By Dr. Paula Bloom
I’ve been getting a lot of comments about my weight loss lately. It’s a strange thing. On one hand, it feels good to have people notice all my hard work, but on the other hand, it means that they all noticed how heavy I was. This makes me feel a little vulnerable.
When we gain weight we often go through a bit of a denial process. I know that I do. Photos seem to be the only place where I can see a realistic snapshot of where my body is at. The mirror, for some reason, doesn’t seem to tell me the truth. It could be that when we look in a mirror the reflection is more susceptible to subjectivity.
The first question people ask me is, “How did you lose weight?” It feels like they want me to give them some answer that includes some magic bullet they aren’t aware of. They sometimes seem disappointed with my response. Unfortunately, the answer is quite cliché:
- I’ve been eating less.
- I work out 4-5 days a week at a high intensity.
- Now that my commute is only 8 blocks, I try to walk to work as much as possible.
I live in a very walkable town. I have my doctors, pharmacy, office, restaurants, bank, my kid’s school and even the county courthouse where I’ve had jury duty, within a few block radius. Whenever I go to the airport, I hop on the subway (the station is 4 blocks from our home).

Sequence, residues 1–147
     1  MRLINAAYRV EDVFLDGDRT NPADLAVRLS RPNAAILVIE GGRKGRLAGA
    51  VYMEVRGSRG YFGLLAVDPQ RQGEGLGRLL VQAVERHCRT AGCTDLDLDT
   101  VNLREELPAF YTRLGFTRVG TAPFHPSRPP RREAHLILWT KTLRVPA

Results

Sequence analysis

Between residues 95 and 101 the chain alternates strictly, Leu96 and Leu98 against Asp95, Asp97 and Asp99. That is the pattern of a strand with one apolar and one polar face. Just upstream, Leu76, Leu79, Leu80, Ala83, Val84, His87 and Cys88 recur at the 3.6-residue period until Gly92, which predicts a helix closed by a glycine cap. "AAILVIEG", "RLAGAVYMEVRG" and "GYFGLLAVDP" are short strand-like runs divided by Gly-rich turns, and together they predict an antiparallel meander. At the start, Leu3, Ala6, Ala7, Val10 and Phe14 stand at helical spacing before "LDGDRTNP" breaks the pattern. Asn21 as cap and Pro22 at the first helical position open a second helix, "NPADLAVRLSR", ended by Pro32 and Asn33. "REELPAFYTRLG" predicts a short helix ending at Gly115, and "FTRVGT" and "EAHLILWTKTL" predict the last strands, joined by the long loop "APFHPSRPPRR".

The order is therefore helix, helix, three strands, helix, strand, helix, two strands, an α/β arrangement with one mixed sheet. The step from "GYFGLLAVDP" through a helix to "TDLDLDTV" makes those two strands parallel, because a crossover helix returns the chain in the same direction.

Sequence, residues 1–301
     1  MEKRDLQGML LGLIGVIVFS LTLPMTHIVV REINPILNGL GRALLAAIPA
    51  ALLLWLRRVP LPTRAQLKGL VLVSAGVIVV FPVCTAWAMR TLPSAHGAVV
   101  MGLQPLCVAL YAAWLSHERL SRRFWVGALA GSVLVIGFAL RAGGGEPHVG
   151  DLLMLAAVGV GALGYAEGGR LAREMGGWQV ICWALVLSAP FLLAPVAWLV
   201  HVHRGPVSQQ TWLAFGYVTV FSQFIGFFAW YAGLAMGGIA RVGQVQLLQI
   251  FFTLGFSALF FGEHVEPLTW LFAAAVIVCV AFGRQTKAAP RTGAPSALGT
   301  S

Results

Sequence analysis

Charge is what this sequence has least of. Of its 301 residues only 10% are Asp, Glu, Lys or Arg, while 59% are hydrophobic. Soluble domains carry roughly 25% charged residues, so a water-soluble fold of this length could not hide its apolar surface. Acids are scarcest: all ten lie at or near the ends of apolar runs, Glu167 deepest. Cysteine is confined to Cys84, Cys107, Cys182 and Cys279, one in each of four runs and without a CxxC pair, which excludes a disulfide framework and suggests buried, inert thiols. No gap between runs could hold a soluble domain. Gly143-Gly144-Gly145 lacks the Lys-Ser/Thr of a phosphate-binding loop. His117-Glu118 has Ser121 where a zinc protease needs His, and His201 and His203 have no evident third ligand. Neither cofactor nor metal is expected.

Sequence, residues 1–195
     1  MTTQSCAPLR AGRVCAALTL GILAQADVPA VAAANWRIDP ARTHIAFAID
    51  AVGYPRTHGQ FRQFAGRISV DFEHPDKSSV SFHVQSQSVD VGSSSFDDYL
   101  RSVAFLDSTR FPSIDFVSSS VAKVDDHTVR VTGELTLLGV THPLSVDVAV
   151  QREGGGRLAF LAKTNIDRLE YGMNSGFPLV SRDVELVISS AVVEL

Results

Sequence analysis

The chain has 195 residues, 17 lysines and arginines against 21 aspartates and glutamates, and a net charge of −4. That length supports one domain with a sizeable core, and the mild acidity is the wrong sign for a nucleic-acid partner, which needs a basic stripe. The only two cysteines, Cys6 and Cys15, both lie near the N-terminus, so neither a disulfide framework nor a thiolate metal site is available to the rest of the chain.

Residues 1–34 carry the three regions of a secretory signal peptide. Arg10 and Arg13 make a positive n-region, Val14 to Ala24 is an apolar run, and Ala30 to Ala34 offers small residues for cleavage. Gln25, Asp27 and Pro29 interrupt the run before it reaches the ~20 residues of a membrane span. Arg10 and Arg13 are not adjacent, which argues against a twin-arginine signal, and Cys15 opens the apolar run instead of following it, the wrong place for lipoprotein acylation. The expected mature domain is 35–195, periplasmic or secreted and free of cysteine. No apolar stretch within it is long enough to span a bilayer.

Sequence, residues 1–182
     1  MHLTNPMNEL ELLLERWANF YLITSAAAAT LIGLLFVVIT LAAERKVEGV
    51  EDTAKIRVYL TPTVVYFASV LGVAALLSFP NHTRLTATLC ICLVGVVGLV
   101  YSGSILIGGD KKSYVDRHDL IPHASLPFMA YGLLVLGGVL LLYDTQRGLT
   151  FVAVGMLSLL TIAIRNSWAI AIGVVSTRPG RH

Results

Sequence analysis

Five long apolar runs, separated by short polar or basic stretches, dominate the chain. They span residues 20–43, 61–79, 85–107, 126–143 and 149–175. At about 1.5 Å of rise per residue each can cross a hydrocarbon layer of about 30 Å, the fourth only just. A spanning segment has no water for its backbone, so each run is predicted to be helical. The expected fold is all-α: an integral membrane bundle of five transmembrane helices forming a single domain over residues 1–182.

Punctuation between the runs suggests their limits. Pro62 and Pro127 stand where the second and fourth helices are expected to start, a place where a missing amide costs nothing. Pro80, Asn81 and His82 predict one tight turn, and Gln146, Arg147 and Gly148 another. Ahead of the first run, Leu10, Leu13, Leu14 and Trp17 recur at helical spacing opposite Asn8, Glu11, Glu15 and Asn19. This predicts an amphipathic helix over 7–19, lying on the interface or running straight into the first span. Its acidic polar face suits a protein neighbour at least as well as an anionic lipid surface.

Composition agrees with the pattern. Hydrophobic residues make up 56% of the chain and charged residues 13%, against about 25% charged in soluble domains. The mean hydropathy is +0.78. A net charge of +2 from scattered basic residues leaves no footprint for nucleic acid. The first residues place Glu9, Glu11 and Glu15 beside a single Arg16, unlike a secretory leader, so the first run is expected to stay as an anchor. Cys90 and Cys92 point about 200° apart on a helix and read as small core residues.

While working out intensely is important for my own weight loss, it isn’t the only physical activity which has led to a healthier body. This is where comfortable shoes come in. When my dress shoes are comfortable I tend to walk everywhere. More steps in a day means more calories burned. I don’t do the walk-to-work-in-sneakers-and-carry-the-dress-shoes-and-change-them-at-work thing. With all the comfort shoes that fit with my style and lifestyle, I don’t need to be carrying extra shoes. I like to be able to travel light.
I’ve worked with many clients who believe that exercise can only happen in a gym while wearing workout clothes and sneakers. I ask them to reconsider their definition of exercise.
Walking is a great way to begin. It’s free, most people can do it and guess what, it counts. Wearing comfortable shoes anywhere you go will make it more likely that you’ll park further away and walk. It will make it easier to choose to climb the stairs instead of riding the elevator. Small changes in behavior can lead to big changes in your body and health.
What small changes have you made in your life that have eventually led to big results?